A fifth of the world’s container ships are stuck in port congestion, says Windward

With lockdowns impacting the movement of vessels at the major Chinese ports, container ship congestion appears to be spreading to other ports around the globe, according to data from Israel based maritime AI company Windward.

There had been signs of progress that the backlogs of containerships stacked up outside ports might be easing, but that trend now appeared to have reversed.

Windward said that, according to the latest data, a fifth of all the world’s containerships were stuck in port congestion. Windward further calculated that a quarter of all the ships were stuck at Chinese ports.

A number of containerships were reporting to be diverting away from Shanghai as a result of the now near-month-long lockdown, and this had increased delays at other ports, such as Ningbo-Zhoushan.

The reversal of the trend looked to be correlated strongly with the introduction of the Shanghai lockdown at the end of March. Towards the end of last month Sea-Intelligence had reported the first improvement in schedule reliability since the Covid-19 pandemic first took hold in early 2020. While nearly two-thirds of all containerships were still behind schedule in February 2022, Sea-Intelligence’s monthly Global Liner Performance report highlighted that reliability had returned to levels not experienced since mid-2021.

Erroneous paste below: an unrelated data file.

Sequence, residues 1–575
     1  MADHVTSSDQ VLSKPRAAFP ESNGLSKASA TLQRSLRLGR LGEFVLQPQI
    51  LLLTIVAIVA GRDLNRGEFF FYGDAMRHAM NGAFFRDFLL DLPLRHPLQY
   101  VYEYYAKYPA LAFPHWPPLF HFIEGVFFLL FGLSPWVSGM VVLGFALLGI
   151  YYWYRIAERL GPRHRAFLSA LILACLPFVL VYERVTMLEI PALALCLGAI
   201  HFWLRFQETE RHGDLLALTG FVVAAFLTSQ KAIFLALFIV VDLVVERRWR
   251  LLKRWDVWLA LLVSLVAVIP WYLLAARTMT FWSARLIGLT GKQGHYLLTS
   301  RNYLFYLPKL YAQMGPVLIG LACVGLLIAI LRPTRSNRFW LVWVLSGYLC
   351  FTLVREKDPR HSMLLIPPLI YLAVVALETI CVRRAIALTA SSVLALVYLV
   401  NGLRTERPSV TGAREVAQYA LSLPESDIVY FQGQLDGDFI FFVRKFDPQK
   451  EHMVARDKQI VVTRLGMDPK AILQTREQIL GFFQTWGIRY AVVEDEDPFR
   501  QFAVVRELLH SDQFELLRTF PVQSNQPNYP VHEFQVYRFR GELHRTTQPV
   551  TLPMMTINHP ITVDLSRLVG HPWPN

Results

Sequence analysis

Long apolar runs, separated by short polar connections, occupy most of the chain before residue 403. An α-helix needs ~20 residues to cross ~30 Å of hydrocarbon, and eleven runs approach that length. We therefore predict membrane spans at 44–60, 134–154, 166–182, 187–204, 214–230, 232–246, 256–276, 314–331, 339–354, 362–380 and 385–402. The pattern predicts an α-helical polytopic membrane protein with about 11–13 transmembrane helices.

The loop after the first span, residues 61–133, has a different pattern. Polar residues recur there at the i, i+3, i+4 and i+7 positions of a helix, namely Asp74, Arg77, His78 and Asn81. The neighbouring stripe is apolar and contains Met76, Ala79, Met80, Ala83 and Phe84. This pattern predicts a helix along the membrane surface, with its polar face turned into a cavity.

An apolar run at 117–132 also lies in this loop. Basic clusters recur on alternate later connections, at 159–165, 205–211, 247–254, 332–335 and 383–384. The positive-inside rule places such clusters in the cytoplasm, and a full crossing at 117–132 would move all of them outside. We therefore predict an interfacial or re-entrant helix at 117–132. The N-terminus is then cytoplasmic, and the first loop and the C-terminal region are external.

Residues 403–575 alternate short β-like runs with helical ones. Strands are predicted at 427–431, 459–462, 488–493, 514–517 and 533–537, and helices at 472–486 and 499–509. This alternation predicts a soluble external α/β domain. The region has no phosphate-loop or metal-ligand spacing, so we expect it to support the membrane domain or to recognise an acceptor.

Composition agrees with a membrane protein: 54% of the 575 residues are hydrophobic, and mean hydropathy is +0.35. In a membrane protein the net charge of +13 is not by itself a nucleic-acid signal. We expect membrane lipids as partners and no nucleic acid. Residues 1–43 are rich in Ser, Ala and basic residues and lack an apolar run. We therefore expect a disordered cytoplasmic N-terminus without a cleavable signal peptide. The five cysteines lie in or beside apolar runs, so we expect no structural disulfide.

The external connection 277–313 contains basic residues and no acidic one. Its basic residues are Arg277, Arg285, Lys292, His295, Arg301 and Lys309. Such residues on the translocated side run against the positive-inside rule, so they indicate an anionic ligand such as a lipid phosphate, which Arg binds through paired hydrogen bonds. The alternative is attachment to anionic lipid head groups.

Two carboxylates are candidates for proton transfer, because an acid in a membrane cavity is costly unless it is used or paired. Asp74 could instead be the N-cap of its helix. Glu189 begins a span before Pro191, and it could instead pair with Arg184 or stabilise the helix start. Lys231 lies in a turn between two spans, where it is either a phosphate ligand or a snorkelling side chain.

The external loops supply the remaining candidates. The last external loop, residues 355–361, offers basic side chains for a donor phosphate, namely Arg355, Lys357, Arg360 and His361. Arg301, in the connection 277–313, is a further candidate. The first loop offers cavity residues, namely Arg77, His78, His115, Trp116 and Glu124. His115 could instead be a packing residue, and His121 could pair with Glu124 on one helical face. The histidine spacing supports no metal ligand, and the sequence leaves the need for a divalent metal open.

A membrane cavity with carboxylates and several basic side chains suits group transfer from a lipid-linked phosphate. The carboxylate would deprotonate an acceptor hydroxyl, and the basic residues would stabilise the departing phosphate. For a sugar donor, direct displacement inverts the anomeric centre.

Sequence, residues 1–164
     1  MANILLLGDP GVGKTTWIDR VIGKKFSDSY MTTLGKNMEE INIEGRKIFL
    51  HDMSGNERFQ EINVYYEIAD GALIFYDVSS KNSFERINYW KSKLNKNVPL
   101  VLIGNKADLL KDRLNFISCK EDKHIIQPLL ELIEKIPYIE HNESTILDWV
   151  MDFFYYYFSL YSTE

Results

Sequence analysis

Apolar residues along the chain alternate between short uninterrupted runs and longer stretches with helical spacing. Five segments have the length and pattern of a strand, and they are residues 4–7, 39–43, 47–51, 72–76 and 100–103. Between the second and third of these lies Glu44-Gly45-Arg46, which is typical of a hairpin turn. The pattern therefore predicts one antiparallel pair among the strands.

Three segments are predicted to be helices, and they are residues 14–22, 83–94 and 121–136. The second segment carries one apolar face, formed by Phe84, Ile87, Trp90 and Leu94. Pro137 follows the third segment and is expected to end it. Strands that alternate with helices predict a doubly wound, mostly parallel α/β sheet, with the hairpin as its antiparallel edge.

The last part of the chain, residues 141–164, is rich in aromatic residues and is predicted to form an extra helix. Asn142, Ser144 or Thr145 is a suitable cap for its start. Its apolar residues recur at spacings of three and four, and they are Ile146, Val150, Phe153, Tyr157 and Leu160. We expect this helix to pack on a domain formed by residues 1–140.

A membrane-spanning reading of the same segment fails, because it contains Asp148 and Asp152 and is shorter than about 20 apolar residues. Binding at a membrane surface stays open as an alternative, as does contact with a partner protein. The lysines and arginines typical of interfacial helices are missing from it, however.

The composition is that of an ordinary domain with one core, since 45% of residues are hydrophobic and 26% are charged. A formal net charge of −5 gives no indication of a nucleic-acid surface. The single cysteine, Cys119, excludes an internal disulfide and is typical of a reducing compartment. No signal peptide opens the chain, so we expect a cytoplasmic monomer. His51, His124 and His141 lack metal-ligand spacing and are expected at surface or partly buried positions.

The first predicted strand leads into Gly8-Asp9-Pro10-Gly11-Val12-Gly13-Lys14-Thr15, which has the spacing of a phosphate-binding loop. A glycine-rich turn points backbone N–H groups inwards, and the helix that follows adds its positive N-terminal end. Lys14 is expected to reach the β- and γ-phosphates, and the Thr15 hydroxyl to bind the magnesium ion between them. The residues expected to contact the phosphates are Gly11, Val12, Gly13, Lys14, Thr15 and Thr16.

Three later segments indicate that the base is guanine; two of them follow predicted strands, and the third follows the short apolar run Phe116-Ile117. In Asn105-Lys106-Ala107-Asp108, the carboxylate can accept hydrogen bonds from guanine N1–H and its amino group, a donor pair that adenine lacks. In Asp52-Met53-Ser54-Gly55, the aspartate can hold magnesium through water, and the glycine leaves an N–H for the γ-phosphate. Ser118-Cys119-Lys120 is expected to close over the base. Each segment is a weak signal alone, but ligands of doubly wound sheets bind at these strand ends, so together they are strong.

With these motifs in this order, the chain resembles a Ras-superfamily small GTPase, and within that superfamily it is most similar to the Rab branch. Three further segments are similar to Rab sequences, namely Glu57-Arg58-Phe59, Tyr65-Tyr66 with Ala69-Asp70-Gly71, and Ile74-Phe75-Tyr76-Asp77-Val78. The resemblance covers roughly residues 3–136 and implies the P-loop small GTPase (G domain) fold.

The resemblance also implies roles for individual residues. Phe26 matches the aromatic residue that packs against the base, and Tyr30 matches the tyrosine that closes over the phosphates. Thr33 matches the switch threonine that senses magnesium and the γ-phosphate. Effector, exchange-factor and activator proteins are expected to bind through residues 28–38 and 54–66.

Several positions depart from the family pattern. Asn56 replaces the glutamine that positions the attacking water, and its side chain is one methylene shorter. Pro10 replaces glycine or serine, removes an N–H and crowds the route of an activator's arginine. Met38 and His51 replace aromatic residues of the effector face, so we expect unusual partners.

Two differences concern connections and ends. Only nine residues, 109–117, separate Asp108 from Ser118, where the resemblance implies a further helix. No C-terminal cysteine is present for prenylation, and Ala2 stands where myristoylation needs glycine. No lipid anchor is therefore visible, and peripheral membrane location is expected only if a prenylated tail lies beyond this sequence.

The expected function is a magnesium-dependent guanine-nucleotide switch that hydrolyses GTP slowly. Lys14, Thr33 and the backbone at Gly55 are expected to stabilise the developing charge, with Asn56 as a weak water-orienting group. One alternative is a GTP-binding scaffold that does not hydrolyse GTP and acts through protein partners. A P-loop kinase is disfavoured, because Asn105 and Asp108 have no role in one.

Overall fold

Windward warned on April 19th that “the number of container vessels waiting outside of Chinese ports today is 195% higher than it was in February.”

“The trend is clear – in the April and March snapshots, there were 506 and 470 vessels, respectively, stuck outside of Chinese ports. In February, that number was only 260. In essence, lockdowns in China have nearly doubled the congestion outside the country’s ports,” Windward said.

Official Chinese statements are appearing to verge on denial with Chinese officials continuing to insist, in the face of all the evidence, that the port of Shanghai was open and functioning – exploiting a closed loop that enabled port workers to be placed inside a bubble separated from the city and people coming and going to the port. But lorry drivers have been required to show negative Covid-19 tests in order to enter the port, and truck traffic has been greatly reduced. The ports were experiencing shortages of employees due to the spread of the virus.

On the other side of the Pacific, The Marine Exchange of Southern California’s data has also been showing that the number of container vessels waiting was increasing. On April 4th California reached a new low on its containership traffic. with a total of 33 ships heading to Los Angeles and Long Beach. By April 19th this backlog had increased in Southern California backlog to 51 containerships, either near shore or steaming toward the ports. California restrictions now mean that any “delays” manifest themselves farther out in the Pacific – sometimes as far as the other side of the ocean.

Windward said that “when looking at the global picture, between April 12-13, 2022, 1,826 container vessels were waiting outside of ports worldwide. That’s 20% of all container vessels globally!”

Windward’s Maritime AI data showed that 506 vessels were waiting offshore at China’s ports, equal to 27.7% of all the ships waiting outside of ports around the world. In February Windward calculated that the backlog off China’s ports accounted for 14.8% of the vessels stuck in port congestion worldwide.

Meanwhile in Shanghai there has been a reported decline in the number of daily cases. Local health authorities have begun to relax some restrictions, permitting factories to resume work (once again using a closed-loop system of keeping workers onsite).